With a more sophisticated tool design, it is possible to achieve a higher tool productivity and optimize the associated processes. In traditional tool manufacturing, complex geometries, such as helical or U-shaped cooling channels inside components or surfaces with undercuts, can often only be implemented at high costs, if at all.
The powder-based 3D printing method (also known as “binder jetting”) allows highly complex hardmetal parts to be manufactured. In the additive manufacturing method employed, optimally adapted starting powders or granules are deposited layer by layer and locally wetted and bonded by an organic binder applied with a printing head. The manufactured green parts then undergo binder burnout and sintering under conventional conditions. The sintered parts show a microstructure typical for hardmetals with a density of virtually 100 % and a homogeneous cobalt binder distribution. The material properties of the 3D-printed parts are comparable to those of hardmetal tools made via conventional shaping routes (e.g., uniaxial dry pressing).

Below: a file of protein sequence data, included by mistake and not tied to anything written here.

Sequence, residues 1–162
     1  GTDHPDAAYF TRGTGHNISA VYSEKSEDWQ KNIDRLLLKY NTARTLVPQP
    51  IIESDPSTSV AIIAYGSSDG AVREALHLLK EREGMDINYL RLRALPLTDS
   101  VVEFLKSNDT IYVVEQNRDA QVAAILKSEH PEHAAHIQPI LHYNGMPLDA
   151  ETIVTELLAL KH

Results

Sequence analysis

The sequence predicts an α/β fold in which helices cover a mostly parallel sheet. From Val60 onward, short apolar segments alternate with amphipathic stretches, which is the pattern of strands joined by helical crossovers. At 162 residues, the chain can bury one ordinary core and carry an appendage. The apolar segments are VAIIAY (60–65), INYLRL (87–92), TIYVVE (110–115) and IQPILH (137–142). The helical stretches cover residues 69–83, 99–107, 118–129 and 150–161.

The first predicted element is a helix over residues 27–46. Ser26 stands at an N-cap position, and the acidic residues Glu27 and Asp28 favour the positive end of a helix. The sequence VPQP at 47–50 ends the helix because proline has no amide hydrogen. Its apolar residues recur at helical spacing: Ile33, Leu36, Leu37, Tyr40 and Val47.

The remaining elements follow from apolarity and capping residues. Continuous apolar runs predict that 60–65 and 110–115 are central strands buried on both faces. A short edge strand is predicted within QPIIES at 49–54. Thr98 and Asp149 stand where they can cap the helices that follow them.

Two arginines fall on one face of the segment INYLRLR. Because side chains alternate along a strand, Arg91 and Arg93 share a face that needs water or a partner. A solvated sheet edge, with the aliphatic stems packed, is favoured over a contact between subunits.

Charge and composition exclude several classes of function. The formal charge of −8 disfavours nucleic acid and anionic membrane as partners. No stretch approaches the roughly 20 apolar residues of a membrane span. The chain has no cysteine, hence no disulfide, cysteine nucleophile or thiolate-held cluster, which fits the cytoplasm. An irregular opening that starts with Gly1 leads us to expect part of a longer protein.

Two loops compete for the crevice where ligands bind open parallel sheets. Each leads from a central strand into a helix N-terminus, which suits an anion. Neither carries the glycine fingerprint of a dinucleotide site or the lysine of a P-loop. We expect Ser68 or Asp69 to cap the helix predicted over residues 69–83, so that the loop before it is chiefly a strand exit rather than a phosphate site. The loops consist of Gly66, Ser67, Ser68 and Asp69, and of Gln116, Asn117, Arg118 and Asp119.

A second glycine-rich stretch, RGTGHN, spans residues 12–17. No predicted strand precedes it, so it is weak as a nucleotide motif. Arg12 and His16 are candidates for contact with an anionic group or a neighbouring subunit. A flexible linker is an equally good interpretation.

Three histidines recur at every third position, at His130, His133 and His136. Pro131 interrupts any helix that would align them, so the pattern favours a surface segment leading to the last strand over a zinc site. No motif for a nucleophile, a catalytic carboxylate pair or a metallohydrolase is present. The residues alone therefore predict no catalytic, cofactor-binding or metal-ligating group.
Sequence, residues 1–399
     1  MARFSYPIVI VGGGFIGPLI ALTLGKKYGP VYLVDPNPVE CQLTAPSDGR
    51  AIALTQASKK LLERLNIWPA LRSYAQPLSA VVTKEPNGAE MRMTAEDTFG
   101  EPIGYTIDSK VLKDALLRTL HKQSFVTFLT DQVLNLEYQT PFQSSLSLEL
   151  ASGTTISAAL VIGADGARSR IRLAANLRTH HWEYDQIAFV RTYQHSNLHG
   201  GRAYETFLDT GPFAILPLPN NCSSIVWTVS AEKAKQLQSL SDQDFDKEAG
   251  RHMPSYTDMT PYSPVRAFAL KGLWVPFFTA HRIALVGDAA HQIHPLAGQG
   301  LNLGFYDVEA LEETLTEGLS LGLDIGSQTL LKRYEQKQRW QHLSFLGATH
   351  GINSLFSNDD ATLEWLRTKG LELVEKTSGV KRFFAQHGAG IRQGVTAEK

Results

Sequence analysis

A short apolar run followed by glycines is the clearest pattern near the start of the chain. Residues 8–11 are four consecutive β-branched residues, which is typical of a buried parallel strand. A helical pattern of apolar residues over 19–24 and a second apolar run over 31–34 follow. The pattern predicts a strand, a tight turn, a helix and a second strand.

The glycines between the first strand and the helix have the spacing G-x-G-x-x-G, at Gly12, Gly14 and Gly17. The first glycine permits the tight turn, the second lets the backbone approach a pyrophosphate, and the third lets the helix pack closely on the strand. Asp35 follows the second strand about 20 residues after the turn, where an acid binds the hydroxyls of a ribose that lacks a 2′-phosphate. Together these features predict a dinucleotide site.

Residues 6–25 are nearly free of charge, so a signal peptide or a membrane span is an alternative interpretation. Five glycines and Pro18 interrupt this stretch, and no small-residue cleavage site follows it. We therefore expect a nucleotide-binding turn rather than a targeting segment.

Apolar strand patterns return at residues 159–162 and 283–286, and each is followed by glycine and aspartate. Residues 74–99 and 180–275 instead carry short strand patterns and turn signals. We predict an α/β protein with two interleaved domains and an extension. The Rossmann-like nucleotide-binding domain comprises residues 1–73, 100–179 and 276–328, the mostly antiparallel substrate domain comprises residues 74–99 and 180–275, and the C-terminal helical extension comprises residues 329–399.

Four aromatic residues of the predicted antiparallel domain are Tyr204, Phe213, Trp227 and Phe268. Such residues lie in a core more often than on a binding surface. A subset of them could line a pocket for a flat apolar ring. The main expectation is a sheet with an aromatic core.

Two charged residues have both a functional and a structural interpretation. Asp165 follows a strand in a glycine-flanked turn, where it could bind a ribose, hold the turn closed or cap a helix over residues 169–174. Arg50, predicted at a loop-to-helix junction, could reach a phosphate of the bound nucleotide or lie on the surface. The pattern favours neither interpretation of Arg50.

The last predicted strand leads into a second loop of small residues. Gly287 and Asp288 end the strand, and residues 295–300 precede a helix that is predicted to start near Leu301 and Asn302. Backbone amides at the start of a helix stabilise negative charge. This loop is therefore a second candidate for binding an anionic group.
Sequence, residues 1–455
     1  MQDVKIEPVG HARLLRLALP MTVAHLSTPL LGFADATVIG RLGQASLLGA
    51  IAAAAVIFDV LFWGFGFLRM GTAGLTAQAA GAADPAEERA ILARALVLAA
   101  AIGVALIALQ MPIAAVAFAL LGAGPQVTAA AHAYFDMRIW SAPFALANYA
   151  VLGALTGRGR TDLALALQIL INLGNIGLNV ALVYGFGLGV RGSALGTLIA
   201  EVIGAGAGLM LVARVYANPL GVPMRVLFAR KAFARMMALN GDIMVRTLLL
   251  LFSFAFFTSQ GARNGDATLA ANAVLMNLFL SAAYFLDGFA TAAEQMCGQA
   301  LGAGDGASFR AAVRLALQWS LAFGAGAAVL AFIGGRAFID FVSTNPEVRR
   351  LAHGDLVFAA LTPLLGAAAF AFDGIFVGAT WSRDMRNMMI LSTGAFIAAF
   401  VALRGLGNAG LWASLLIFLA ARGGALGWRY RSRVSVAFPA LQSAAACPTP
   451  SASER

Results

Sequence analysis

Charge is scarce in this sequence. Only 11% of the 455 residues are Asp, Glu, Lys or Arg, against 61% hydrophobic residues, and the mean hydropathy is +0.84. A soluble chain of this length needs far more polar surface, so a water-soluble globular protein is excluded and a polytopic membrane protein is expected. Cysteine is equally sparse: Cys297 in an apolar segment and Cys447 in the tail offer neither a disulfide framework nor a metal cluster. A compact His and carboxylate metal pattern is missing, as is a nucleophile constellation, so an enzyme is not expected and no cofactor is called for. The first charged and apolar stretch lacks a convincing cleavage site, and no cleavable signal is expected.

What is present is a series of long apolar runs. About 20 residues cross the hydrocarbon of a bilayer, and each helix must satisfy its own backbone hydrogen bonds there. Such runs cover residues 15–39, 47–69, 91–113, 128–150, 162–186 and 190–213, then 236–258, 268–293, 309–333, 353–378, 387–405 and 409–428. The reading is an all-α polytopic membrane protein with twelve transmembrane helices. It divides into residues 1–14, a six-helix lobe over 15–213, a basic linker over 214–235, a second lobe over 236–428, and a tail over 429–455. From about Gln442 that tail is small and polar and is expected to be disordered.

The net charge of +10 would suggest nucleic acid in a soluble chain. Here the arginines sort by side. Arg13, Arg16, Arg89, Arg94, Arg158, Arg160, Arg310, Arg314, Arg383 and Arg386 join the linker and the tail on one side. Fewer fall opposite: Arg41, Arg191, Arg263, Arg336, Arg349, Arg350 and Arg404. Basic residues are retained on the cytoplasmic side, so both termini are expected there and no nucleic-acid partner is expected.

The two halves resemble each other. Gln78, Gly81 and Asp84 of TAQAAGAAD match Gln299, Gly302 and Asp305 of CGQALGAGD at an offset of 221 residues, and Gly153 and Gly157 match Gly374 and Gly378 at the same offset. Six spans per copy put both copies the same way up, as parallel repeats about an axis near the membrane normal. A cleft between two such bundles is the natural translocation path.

In addition to novel geometries, rapid manufacturing of green parts in only one step and without the costly manufacturing of pressing tools or metal injection molding tools is now possible. This is especially relevant for prototypes and small batches.
Hardmetal green parts can be developed both via the powderbased method and using the suspension-based thermoplastic 3D printing (T3DP) method.